Times states that the French loan will amount i
to only two milliards of francs. Specials from,
Paris report that the Btate of 6iege ceases to- '
day, Friday. The reports o: renewed agita?
tion in the Belleville and VUlette quarters ure
unfounded. The German soldiers visiting
Paris are occasionally Insulted In the street,
and have been refused seats at tables at the
It ls said that upon the entry of Victor
Emanuel into Some, the Pope will go to Cor?
PARIS, June IC.
A proclamation bas been issned by the In?
ternational Society which declares: "We are
disarmed but not conquered, and are still one
hundred thousand strong. Favre and Troclm
were authors of our misfortunes, aided by
capital and the priesthood. We accept the re?
sponsibility of the conflagration. Wo must
hare no interior deputies, no -divisions atJJie
polls. The reaction toolaway our arms%but
not our votes. "Viva la Social R?publique !
Viva la Commune !"
Francis Paul Meurice, dramatist and novel?
ist, arrested as a Communist, hos been re?
The French Acaderry resumed its sittings
Kn try of the Troops Into Berlin-Pro?
gramme of tne Ceremonies.
The Berlin correspondent of the London
Times, of the 25th, says :
The programme of the reception by the city
is now deflultely settled A route has been
chosen from the circumference of Berlin to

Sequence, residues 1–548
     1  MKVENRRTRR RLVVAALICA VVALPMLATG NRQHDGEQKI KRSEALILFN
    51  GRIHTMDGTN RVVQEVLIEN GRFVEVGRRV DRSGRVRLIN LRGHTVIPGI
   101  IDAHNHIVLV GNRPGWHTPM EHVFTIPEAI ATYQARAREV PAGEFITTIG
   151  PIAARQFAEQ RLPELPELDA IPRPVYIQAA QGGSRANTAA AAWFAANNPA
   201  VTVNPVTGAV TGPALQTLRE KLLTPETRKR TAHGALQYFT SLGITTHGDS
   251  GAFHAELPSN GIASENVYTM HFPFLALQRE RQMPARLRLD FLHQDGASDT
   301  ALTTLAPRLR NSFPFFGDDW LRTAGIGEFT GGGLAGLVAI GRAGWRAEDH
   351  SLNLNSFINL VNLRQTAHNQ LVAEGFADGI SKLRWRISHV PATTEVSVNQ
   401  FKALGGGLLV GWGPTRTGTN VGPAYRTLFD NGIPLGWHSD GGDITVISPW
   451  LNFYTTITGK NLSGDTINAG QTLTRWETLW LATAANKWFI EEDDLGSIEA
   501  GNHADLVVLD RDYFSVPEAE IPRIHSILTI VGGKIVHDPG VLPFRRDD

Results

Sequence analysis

the centre, which admits 'ol an enormous
number of spectators Anding convenient
places, either in wludows or on seats in ihe
open street. The troops will assemble on the
extensive field for military exercises between
the Kreuzberg and the-village of Tempelhoff.
They will euler the southern suburbs between
the two hnge breweries situated on the
summit of the Kreuzberg. The street, which
leads from there to the ancleut Hiilllsche Gat?,
19 about lorty yards broad and a mlle in lengtL1.
Being lined with very high and stately houses,
almost all provided wUh balconies on every
story, running la a gentle curve, even the first
part ol the route will offer no contemptible
opportunities lor sight-seers. The name of this
thoroughfare is Belle Alliance street, after the
meeting-place of Wellington and Blucher on
the evening of the battle of Waterloo. It opens
tulAhe north into a cluster of large squires
near the Halllsche Gate. Here the first circu?
lar hall of victory, adorned with statues emble?
matic of the war, will receive the conquerors.
The series ol stationary bands of music is to
begin here, and two rows ol pasteboard statues
and architectural trophies will line the whole
way; The further progress of the march
will not be by the ordinary avenue, Frederick
street, which, beginning at thc Hallische
Gate, runs in a perlectly straight Hoe, two
miles and a hall loug, through the whole West
End of Berlin. It bas been preferred to let
the troops pass bv Kcenigsgratz street to tne
Brandenburg Gate, the triumphal arch ot Ber?
lin, which is a magnified copy ol the TiopylaM.
Thus two miles more of a sufficiently broad
Ihoroughlure-the breadth of this compara?
tively new street is more thun thirty yunis
are gained. A second and larger "hall ol vic?
tor)" is t-? be constructed in Paris Square, just
inside the Brandenburg Gate, where the recep?